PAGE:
An IPS should contain a discussion on the best and worst experiences in their investment life and what response they had to each. Did they weather the 2007-2008 market downturn in stride or were they white knuckling and thinking about selling and never looking back? This is documented to form a more elaborate understanding of how an investor responds to both the good and the bad that all investments contain.
An IPS will go into an in depth discussion on the current portfolio (assuming it exists). The IPS should measure the expected volatility or standard deviation and risk adjusted returns.
Once the existing portfolio is mapped, the IPS will explain in detail what if anything should be adjusted or added. For instance we find that the majority of investors do not have or even understand the relevance of alternative or non correlated investments.
A truly balanced portfolio cannot be achieved without the integration of from 5% to as much as 40% of investments in alternative asset classes.
The use of alternative assets is the next step in the evolution of a properly allocated portfolio. A great example, consider a baseball team. A team sport which requires 9 position players. Most individuals with a traditional portfolio are playing exclusively with an infield. In most years the opposition is hitting ground balls to the infield. As a team we can defend that well and wind up with a productive season.
As “traditional” investors we assume we have covered the only necessary positions on field. In years when the major indices are in a decline the “opposition” was hitting balls to the outfield. Remember, we are only playing with infielders or “traditional” investments. When things are going south as it were, most people assume “Well, I guess there’s nothing I can do about this I’ll have to wait until the opposition starts hitting ground balls again.
The “outfielders” are your alternative managers.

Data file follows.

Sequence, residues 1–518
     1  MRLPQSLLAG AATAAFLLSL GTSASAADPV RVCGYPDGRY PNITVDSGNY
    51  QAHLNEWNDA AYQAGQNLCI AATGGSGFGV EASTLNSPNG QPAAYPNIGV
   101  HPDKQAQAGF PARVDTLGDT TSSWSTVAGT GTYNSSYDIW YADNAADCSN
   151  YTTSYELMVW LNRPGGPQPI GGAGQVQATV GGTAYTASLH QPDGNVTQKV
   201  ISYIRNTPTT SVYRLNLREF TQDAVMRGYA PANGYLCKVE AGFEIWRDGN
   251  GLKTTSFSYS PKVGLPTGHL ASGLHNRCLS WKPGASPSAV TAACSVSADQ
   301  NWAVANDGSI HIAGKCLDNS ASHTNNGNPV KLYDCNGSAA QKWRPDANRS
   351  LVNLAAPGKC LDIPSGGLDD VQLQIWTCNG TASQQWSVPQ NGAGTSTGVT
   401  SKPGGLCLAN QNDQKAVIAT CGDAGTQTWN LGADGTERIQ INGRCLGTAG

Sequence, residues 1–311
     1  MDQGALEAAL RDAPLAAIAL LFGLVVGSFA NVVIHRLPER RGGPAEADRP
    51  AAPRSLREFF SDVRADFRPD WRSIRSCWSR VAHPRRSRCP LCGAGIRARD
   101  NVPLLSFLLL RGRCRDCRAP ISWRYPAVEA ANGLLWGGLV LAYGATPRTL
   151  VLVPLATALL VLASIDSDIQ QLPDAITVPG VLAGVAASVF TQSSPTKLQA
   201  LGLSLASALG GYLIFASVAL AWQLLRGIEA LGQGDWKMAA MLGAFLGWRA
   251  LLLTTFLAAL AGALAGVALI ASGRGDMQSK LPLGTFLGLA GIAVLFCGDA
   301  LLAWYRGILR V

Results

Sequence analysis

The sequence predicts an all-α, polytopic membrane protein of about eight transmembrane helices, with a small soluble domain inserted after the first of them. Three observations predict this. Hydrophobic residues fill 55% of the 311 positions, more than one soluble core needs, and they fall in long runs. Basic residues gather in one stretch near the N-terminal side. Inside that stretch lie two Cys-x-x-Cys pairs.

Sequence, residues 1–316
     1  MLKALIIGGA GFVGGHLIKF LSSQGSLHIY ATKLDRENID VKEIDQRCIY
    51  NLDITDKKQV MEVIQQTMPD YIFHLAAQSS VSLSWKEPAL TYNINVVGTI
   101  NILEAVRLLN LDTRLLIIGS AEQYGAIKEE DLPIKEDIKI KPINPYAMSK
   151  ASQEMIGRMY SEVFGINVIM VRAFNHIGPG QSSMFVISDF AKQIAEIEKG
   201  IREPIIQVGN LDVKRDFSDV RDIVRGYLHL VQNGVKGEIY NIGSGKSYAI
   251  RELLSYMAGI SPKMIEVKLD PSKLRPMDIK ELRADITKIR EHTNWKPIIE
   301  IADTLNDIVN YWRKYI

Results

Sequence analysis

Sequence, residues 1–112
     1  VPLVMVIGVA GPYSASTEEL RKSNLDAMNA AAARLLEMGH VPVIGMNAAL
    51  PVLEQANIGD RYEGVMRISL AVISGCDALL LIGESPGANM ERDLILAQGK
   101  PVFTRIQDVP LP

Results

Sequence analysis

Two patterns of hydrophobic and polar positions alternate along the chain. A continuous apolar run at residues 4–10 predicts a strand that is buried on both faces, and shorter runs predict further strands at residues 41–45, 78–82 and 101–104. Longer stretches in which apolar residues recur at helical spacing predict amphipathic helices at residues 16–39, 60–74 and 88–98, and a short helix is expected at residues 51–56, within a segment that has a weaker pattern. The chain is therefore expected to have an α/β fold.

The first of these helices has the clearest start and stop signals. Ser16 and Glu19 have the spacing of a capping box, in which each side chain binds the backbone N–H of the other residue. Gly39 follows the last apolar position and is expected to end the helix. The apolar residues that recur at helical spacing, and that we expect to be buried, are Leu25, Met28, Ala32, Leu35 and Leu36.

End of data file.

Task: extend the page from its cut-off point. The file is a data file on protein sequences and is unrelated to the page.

The alternative investment is structured to have a negative or zero correlation to the more traditional investments in stocks, bonds and mutual funds.
Someone once told me if you knew someone that was a regular winner at “hold em” poker, investing in him, not the game itself can be considered an alternative investment. His performance at the tables are not relative to anything market driven, not economic conditions or anything other than his skill and luck.
Of course the alternative investment environment does not have successful poker players as an option, at least not yet, but I relate it to you to make a point. Alternative investments can be in so many areas. From Real Estate to Commodities, from Hedge fund of funds to Oil and Gas partnerships. There are too many to list in this article, but rest assured this non correlated marketplace is huge and offers the typical investor with an opportunity to reduce risk and stabilize returns in almost all market conditions. Always remember, there is no perfect investment. But we submit to you an almost perfect portfolio is obtainable.
Finally an IPS should contain an affirmation. In fact, this is the lynch pin of a properly drafted document. What good would a will or tax return be without a signature? The affirmation should state that this is a clear understanding of who you are and what you are about. It should be signed and dated by you and any person that is helping you manage your money. They should read, agree to, and sign a copy. If they can’t or won’t sign it may be time to find another advisor. After all, why wouldn’t someone want to agree to “know their client” as intimately as possible?